We can readily understand why investors are attracted to unprofitable companies. For example, although Amazon.com made losses for many years after listing, if you had bought and held the shares since 1999, you would have made a fortune. But while history lauds those rare successes, those that fail are often forgotten; who remembers Pets.com?
So should Margaret Lake Diamonds (CVE:DIA) shareholders be worried about its cash burn? In this article, we define cash burn as its annual (negative) free cash flow, which is the amount of money a company spends each year to fund its growth. First, we'll determine its cash runway by comparing its cash burn with its cash reserves.
When Might Margaret Lake Diamonds Run Out Of Money?
A cash runway is defined as the length of time it would take a company to run out of money if it kept spending at its current rate of cash burn. In November 2019, Margaret Lake Diamonds had CA$2.4k in cash, and was debt-free. Importantly, its cash burn was CA$703k over the trailing twelve months. That means it had a cash runway of under two months as of November 2019. To be frank we are alarmed by how short that cash runway is! You can see how its cash balance has changed over time in the image below.
How Is Margaret Lake Diamonds's Cash Burn Changing Over Time?
Because Margaret Lake Diamonds isn't currently generating revenue, we consider it an early-stage business. So while we can't look to sales to understand growth, we can look at how the cash burn is changing to understand how expenditure is trending over time. It's possible that the 18% reduction in cash burn over the last year is evidence of management tightening their belts as cash reserves deplete. Admittedly, we're a bit cautious of Margaret Lake Diamonds due to its lack of significant operating revenues. We prefer most of the stocks on this list of stocks that analysts expect to grow.
Can Margaret Lake Diamonds Raise More Cash Easily?
Even though it has reduced its cash burn recently, shareholders should still consider how easy it would be for Margaret Lake Diamonds to raise more cash in the future. Companies can raise capital through either debt or equity. One of the main advantages held by publicly listed companies is that they can sell shares to investors to raise cash to fund growth. By looking at a company's cash burn relative to its market capitalisation, we gain insight on how much shareholders would be diluted if the company needed to raise enough cash to cover another year's cash burn.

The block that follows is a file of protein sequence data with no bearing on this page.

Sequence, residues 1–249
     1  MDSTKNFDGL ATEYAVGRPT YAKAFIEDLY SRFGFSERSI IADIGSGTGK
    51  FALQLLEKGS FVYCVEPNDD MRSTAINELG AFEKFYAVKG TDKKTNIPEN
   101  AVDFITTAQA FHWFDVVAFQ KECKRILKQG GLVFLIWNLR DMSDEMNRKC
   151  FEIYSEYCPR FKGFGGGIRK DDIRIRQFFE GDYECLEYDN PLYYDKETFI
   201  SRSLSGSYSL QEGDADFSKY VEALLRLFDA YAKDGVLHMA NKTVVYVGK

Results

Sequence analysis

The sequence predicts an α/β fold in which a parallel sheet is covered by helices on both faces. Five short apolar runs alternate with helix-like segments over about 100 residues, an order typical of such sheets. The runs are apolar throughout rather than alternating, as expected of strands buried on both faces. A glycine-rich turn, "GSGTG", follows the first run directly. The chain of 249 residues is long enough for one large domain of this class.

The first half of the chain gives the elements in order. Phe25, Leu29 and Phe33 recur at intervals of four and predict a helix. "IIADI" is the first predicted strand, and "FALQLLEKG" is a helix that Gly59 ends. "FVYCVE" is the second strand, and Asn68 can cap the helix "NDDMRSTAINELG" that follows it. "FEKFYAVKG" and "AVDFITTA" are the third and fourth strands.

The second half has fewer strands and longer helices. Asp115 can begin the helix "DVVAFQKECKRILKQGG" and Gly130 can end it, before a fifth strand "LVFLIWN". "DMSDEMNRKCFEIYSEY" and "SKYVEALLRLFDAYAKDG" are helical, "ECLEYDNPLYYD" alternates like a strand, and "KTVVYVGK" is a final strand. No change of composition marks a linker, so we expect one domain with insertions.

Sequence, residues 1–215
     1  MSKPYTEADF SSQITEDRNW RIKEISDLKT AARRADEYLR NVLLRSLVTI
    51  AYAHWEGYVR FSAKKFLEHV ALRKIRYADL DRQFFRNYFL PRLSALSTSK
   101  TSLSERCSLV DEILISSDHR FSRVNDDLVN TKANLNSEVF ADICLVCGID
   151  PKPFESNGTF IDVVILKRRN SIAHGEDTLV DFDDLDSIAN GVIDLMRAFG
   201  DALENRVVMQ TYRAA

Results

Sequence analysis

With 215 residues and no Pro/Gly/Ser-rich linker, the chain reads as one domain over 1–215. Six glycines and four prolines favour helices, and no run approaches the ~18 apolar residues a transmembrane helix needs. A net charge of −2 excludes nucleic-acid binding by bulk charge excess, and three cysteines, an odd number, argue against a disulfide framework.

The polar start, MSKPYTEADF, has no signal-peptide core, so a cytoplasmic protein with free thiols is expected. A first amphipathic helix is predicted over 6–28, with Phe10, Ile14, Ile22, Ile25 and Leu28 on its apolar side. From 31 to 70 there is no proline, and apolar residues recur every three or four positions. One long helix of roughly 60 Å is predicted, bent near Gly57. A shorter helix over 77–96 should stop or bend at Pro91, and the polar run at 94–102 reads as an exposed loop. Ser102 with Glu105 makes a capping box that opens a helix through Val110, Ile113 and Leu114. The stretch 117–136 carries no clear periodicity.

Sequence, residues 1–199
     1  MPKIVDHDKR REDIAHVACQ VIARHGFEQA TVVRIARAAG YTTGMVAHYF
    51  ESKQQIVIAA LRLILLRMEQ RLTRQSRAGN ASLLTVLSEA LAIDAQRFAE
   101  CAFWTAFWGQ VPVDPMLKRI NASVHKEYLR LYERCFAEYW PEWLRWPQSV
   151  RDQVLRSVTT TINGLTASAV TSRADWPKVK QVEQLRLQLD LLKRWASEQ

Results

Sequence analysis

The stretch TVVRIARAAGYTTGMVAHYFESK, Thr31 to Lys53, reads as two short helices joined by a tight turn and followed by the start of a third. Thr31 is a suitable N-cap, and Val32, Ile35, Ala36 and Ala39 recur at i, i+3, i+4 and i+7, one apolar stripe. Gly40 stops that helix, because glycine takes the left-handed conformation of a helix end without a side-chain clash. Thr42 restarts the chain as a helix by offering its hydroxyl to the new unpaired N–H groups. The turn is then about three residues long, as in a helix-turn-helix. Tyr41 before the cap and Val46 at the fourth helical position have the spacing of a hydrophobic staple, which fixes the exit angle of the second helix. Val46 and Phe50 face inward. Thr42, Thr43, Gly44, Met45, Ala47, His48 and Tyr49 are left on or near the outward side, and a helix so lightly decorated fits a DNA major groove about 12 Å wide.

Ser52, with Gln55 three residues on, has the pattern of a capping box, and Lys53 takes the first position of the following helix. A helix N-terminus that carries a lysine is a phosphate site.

Since it has a market capitalisation of CA$2.2m, Margaret Lake Diamonds's CA$703k in cash burn equates to about 32% of its market value. That's not insignificant, and if the company had to sell enough shares to fund another year's growth at the current share price, you'd likely witness fairly costly dilution.
So, Should We Worry About Margaret Lake Diamonds's Cash Burn?
As you can probably tell by now, we're rather concerned about Margaret Lake Diamonds's cash burn. Take, for example, its cash runway, which suggests the company may have difficulty funding itself, in the future. And although we accept its cash burn reduction wasn't as worrying as its cash runway, it was still a real negative; as indeed were all the factors we considered in this article. Once we consider the metrics mentioned in this article together, we're left with very little confidence in the company's ability to manage its cash burn, and we think it will probably need more money. We think it's very important to consider the cash burn for loss making companies, but other considerations such as the amount the CEO is paid can also enhance your understanding of the business. You can click here to see what Margaret Lake Diamonds's CEO gets paid each year.
Of course Margaret Lake Diamonds may not be the best stock to buy. So you may wish to see this free collection of companies boasting high return on equity, or this list of stocks that insiders are buying.
If you spot an error that warrants correction, please contact the editor at firstname.lastname@example.org. This article by Simply Wall St is general in nature. It does not constitute a recommendation to buy or sell any stock, and does not take account of your objectives, or your financial situation. Simply Wall St has no position in the stocks mentioned.
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